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Discussion Starter · #1 · (Edited)
Hello all. Constant visitor. First time poster.


House was built in 1986. I purchased about a year ago. I have no idea what this is. It is a copper tank on a 10" copper stand in line before the electric water heater. No access for media, but there is a spigot about 40% up from the bottom.
 

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Before you remove it, are you on a well or are you on city water? If on a well, then you may need it.

Or perhaps it is a pressure tank to stabilise the system, much like a small pressure tank like we use today.
 

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Then you need the tank to stabilize the pressure coming out of the well. Either keep it, or replace it with a modern air-bladder tank.

The one on the other side of the water heater is not the same. It is a water heater expansion tank

I would suggest replacing it as modern pressurized tanks are able to make the deep well pumps last longer with less cycling.

Sizing - count the number of water fixtures in and outside the home and multiply that # by 3; fixtures include faucets, spigots, shower heads, dish washer, washing machine, etc. for hot tubs and sprinkler systems add 1 to 2 fixtures for each; there are no disadvantages to having a larger well tank as fewer pump cycles will extend pump life and save money on electricity
 

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A couple of things come to mind.
I think it's a tank to temper the water before the water heater.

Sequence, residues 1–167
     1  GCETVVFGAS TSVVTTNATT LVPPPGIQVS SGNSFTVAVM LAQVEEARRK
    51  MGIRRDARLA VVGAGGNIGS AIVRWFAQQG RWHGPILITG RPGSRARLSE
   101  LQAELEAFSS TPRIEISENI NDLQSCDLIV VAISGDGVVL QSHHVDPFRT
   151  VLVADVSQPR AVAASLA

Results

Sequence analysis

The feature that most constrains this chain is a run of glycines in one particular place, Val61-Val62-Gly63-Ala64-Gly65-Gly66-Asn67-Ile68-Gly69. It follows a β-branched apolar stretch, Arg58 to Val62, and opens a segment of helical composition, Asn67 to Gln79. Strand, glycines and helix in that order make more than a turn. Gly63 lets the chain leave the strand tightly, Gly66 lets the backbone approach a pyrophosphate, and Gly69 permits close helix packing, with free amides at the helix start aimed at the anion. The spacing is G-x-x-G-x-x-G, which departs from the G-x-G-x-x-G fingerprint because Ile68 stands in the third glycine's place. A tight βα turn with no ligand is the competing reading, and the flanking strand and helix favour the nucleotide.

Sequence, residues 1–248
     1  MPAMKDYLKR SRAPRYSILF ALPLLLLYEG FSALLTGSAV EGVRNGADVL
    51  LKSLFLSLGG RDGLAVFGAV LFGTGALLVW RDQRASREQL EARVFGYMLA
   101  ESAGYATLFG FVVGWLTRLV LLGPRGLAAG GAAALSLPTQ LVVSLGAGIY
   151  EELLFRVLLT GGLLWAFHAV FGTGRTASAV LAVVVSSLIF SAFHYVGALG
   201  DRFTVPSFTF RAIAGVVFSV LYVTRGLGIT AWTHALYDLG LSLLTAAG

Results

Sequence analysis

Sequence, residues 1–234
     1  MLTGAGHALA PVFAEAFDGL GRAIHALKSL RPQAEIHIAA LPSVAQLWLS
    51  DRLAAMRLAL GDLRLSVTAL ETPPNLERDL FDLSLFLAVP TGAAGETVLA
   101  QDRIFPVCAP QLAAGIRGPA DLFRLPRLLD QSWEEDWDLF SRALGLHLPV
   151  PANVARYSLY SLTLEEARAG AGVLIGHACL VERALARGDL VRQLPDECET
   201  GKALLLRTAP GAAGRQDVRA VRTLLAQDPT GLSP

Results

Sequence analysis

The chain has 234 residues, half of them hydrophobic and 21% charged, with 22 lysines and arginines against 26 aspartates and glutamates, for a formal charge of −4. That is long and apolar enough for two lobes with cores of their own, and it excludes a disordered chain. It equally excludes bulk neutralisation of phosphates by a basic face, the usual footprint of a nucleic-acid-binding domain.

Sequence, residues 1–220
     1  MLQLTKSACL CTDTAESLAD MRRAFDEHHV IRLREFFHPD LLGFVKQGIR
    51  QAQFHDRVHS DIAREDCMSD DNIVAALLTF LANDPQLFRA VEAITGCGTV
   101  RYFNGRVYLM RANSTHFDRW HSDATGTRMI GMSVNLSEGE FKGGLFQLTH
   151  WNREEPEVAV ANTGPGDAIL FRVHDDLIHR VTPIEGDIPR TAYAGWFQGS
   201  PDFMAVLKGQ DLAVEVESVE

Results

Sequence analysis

It brings the water up to room temperature and makes it easier for the heater to bring it up to required temperature. Really not a bad idea. It would collect sediment as well and keep it out of the heater.
And are you sure it's copper? Have you tried a magnet to check?
That's a pretty expensive holding tank.
If it is copper and you decide to make outdoor art out of it keep it secured.
It's probably worth as much as the catalytic converter the thieves are cutting off of cars.
 

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Discussion Starter · #12 ·
All great info. Let me get a better shot. I already have the pressure tank for the water. I tried to get a shot that shows everything. The white PVC line is from the well. It then goes to the pressure tank (53 psi 👍). From there it heads towards a T where water goes either to the rest of the house, or into this copper tank. From the copper tank, it goes to the water heater.
 

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If it was installed as a sediment filter I'm surprised it wasn't piped to filter the cold as well as hot because the hot water tank in itself acts as a sediment tank. If you haven't, consider opening the valve that's 40% up and draining water into a white container to determine the sediment level if any.
 

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I used to have an 80 gallon tank upstream of my water heater. I had a wood burner in the cellar and the cellar got hot. Incoming water went through my “tempering” tank before going into the water heater. Then it was the temperature of the cellar and not the temperature of incoming water.
 
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